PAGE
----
“I think it's the same preparation every week,” Starkel said. “Everyone in the QB room prepares as they are the starter. Obviously, there's a guy running with the ones and that's probably who is gonna start. But it's really the same preparation for me. I have a little more say in the game plan. That's really big for me.”

Starkel believes that this particular game plan will be effective for them.

“If you know something 100 percent you will be playing really fast rather than second guessing yourself - do I do this or do that?" he said. "That's what we're really look for this week, just really playing fast.”

That was not the case against Ole Miss on what was going to be a double pass, but ended with Starkel throwing it to the wrong side of the formation and the play getting blown up for a 14-yard loss.

It was a not a play that he had run in practice and he read the defense wrong.

“I take full responsibility for that,” Starkel said. “I didn't know the play that well. I called the protection wrong. (Running back Devwah Whaley) started to go the right way and I sent him the wrong way. And he listened to the quarterback. He did a great job on that even though he knew I was wrong.

“I wish he had told I was wrong, but everything is on me. I throw it to the wrong guy and it was a forward pass. I'm glad he (Mike Woods) didn't throw it, but it's still on me.”

Starkel's first Arkansas start will be a rematch from a year ago when Colorado State rallied from a 27-9 deficit in the third quarter to win 34-27.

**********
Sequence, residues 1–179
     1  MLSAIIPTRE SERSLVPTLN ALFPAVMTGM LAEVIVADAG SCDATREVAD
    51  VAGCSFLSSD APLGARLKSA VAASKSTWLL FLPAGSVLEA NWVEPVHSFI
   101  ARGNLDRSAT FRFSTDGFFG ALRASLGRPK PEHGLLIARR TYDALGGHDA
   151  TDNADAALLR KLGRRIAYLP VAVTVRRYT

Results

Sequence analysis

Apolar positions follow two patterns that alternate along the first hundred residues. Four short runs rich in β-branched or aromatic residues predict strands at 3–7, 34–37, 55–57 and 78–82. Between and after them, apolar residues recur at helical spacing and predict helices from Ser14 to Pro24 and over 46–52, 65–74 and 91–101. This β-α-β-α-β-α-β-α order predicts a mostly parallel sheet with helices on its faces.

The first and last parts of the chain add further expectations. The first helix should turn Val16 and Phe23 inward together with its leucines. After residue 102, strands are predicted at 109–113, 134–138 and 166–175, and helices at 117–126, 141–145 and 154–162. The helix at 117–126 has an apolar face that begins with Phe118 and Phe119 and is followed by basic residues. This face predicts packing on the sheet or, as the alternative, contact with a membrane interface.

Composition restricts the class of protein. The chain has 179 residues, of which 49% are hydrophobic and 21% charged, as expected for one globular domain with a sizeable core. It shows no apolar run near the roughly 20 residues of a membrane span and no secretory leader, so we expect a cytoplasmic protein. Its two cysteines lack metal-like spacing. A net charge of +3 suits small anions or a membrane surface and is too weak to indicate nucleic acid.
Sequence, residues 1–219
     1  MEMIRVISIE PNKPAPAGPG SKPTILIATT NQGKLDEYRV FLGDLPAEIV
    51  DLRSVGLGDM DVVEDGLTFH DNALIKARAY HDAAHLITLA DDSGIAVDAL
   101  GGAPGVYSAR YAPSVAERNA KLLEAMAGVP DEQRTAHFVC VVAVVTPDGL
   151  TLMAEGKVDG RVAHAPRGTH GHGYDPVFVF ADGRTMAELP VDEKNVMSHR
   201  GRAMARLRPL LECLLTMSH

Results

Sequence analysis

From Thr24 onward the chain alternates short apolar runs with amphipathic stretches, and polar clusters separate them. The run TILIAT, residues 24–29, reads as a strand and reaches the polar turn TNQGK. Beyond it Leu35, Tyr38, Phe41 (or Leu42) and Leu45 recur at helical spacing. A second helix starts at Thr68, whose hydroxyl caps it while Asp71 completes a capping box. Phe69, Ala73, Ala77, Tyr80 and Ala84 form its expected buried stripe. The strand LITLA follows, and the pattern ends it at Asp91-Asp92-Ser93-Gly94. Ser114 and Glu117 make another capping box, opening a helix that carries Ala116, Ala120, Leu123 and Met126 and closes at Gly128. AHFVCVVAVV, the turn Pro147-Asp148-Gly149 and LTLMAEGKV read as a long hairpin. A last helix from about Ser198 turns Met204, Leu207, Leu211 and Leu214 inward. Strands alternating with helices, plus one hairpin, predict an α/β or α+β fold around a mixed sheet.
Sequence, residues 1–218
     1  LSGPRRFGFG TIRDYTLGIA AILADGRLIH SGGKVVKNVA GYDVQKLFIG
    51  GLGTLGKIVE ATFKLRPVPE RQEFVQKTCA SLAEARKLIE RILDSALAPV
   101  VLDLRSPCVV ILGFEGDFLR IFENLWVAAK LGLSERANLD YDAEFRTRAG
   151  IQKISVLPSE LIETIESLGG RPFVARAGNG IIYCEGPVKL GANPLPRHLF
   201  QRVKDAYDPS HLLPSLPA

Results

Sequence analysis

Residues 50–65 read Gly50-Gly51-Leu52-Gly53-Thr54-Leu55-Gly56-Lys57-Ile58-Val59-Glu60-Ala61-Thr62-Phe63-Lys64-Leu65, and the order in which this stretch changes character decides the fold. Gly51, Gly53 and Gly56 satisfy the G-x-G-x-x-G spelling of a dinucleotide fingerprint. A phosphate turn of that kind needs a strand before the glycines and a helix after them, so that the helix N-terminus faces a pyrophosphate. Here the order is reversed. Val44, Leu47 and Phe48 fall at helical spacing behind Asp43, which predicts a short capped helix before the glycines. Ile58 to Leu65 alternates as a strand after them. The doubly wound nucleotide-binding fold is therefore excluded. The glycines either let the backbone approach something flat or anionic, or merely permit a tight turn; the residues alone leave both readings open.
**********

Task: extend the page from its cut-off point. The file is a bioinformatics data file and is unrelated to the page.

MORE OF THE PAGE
“I know that was one they really shouldn't have let slip away,” Starkel said. “In the eyes of all the players, that's just what I've been hearing. This is important for us to settle things this game."

Starkel is impressed with what he has seen on film of the Rams (1-1).

“They're pretty solid,” Starkel said. “They return six starters this year. They are better than they were last year and they can really play some ball. We will get their best and it's gonna be good for us.

“They run a lot of one-high coverage. If they're gonna do that we've got some athletes to go make some plays let's go make it happen.”

Starkel has a trio of young receivers in sophomore Mike Woods (11 catches, 114 yards) and freshmen Trey Knox (7 catches, 126 yards) and Treylon Burks (5 catches, 80 yards).

“You’ve got some playmakers,” Starkel said. “When they know what they’re doing, I mean they’re on. So that’s the point of the game plan this week, is keep it simple with those guys so they can play full speed and just go make plays, like they’ve been making in high school and in college so far.”

Starkel is likely to target tight end Cheyenne O’Grady several times this week.

“People better find a way to cover C.J (O’Grady),” Starkel said. “He’ll catch back-shoulder balls as you could see. He’ll go over the top of people. He’ll make plays. He’s a great kid to have out there.”


Have a comment on this story? Join the discussion or start a new one on the Forums.